With a striking orange and pink front cover, this album stands out from the rest and the music within is just as stunning. Backed by one of the tightest of Kingston’s conglomerate of musicians and with the harmonies of group The Chosen Few, this wonderful recording serves as a de facto greatest hits package and has, to boot, another thirteen choice cuts that expand the original album to almost seventy-five minutes, and there is no filler. From the original album that surfaced in 1970 on Trojan records, this music stylistically straddles the rock steady and early reggae era, with the nascent Motown sound and the creative catalogue of composers re-interpreted for a reggae audience. The psychedelic era of Norman Whitfield productions bears heavily on the songs selected here, with the classic ‘Message from a black man’, featuring Harriott’s trademark falsetto vocals, as does the unusual time signature on the intro to ‘Slave’, which is delivered at a surprisingly slow tempo. Harriott is in his absolute prime on the tragic side of romantic material such as ‘The loser’, and ‘Riding for a fall’. Instrumentals were a speciality of The Crystalites and the title track is one such example on ‘Psychedelic Train Part One’, which the extra tracks continues with ‘Psychedelic Train Chapter Three’, though no indication of what happened to chapter two. The high standard of vocals is maintained on the supplementary songs with especially fine 45s included such as ‘Do I worry’ and ‘Solomon’. Motown again was fertile terrain for Harriott to cover and his reading of Smokey Robinson’s ‘You really got a hold on me’, compares favourably with the original. As befitting the Doctor Bird series thus far, exemplary graphical illustrations with a showcasing of the Crystal 45s, Derrick Harriott’s own Jamaican label, the Trojan and Pama UK album releases, flyers of the era when Harriott and band toured, and a four pages crammed with detailed notes on the singer and a fascinating insight into how the music fitted into the UK reggae scene of the time by reggae archivist and aficionado Laurence Cane-Honeysett.
If, at any point whilst listening to Tali, the opening track on Ladilikan, you think ‘so Tubular Bells has finally reached Africa,’ please stop listening, pick up your glockenspiel, and kindly vacate the room.
Now we’ve got that out of the way, let’s enjoy one of the most artistically beautiful albums made in recent times. Ladilikan is a project by the Aga Khan Music Initiative (AKMI), launched by His Highness the Aga Khan to support talented musicians working to preserve, transmit, and further develop their musical heritage in contemporary forms. On the record, Southern Malian musicians Trio Da Kali join forces with string virtuosos, and seasoned collaborators, Kronos Quartet.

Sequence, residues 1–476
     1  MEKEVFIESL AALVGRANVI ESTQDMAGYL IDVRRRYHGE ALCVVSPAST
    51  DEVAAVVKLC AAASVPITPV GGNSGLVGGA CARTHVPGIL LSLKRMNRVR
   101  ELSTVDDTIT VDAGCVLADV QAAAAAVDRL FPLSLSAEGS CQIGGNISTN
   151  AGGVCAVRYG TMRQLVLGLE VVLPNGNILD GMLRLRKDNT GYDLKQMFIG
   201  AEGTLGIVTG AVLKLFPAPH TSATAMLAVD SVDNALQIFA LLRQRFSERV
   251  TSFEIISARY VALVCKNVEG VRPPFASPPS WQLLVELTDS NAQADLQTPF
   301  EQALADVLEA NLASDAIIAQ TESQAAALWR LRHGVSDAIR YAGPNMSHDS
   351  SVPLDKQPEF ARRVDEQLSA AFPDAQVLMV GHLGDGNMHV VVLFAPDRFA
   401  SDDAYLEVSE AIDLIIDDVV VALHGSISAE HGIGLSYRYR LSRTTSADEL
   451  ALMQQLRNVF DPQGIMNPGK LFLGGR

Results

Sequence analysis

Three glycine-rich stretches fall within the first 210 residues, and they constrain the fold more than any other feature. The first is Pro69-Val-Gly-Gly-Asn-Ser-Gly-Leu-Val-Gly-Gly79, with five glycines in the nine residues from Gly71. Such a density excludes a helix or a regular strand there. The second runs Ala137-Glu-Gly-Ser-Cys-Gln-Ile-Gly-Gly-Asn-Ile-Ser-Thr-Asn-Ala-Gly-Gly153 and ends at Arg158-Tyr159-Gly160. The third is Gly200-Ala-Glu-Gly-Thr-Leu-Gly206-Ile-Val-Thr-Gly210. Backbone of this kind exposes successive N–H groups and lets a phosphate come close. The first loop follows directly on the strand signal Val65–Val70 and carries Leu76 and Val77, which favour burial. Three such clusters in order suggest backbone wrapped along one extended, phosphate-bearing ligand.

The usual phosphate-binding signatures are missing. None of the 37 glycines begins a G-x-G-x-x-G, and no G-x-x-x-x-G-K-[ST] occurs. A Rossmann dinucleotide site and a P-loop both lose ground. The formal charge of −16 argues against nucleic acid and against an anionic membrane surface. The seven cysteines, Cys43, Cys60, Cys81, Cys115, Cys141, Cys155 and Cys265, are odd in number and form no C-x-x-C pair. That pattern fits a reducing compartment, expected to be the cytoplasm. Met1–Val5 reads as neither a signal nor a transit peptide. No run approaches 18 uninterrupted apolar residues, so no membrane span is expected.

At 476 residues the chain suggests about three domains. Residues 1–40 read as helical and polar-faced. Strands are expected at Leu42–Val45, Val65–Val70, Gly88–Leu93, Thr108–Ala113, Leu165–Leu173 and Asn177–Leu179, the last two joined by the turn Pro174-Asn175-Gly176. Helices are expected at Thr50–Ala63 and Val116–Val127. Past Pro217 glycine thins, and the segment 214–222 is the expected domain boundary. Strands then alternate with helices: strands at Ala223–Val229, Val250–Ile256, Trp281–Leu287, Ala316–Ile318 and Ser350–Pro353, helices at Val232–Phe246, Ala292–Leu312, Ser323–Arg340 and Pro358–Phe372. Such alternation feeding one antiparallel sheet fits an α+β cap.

The well-travelled San Franciscan four-piece do not let their status overshadow three of Mali’s most talented griot musicians, skilfully accompanying Mamadou Kouyaté’s punchy ngoni rhythms.
David Harrington, founder of Kronos Quartet, likens Hawa Diabate’s voice to American Gospel queen Mahalia Jackson. On God Will Wipe All Tears away we hear the full extent of Hawa’s extraordinary vocal talent, effortlessly sliding across ranges to give a moving rendition of an early Mahalia Jackson recording.
More than anything, this is a showcase of Fodé Lassana Diabaté’s hypnotic balafon skills. A long-time member of the excellent Toumani Diabaté’s Symmetric Orchestra, Lassana Diabaté is note perfect with his controlled and mesmeric beatmanship. I’m first and foremost a fan of guitar music, but I would trade in any garage rock ticket to go and see Lassana Diabaté’s solo in Lila Bambo. With twenty-one wooden keys to hit at such speed, the margin for error is so great that seeing the likely occurrence of Lassana play without a single mistake would be one of life’s most exhilarating musical experiences.
Ladilikan is a stunning demonstration of modern-day, cross-cultural collaboration, combining griot story-telling with Western craftsmanship. For those of you who wish to know the history of the album, buy the record and absorb the brilliance of the detailed liner notes, which not only shed light on the background of production, but give a track-by-track breakdown of the inspiration behind the songs, offering deeper understanding of Malian tradition. Each song has been translated to English so the poetry is not lost on unversed ears.
Sometimes it is the impromptu music collaborations that work best and who would have thought that a Malian Griot trio of folk musicians would pair up with a highly respected western classical music string quartet that has developed a reputation for left-field recordings that include Elvis Costello, Phillip Glass and Terry Riley among others. The reality is that the musical meeting of minds works magnificently, and producer Nick Gold deserves great credit for making it sound so authentic. A wonderfully evocative scene is set from the outset by the glorious opener that is, ‘Tita’, with the simple, yet highly effective and repetitive use of the balafon by Fodé Lassana Diabaté, with the piercing vocals of Hawa Kassé Mady Diabaté. A truly stunning start and one of the year’s most compelling African numbers. Where this musical métissage works so well is that the southern Malian component is allowed to flow and the western strings blend in, yet remain respectful. In the process, this enables some sublime layered textures to be created as on the string motif led piece, ‘Eh y a ye’, which is a genuine fusion of styles. That said, the Kronos Quartet do bring their own national folk influences to the table and this is illustrated on the very western swing country feel to, ‘Garba mama’, with the use of fiddles, and here, the Malian vocal contribution is slightly more restrained, and a delicious jazzy bass line. In other places, such as ‘Kanimba’, the layered strings serve as de facto background vocals. Another winner of a release from World Circuit and this must rate among their very greatest world roots fusion releases.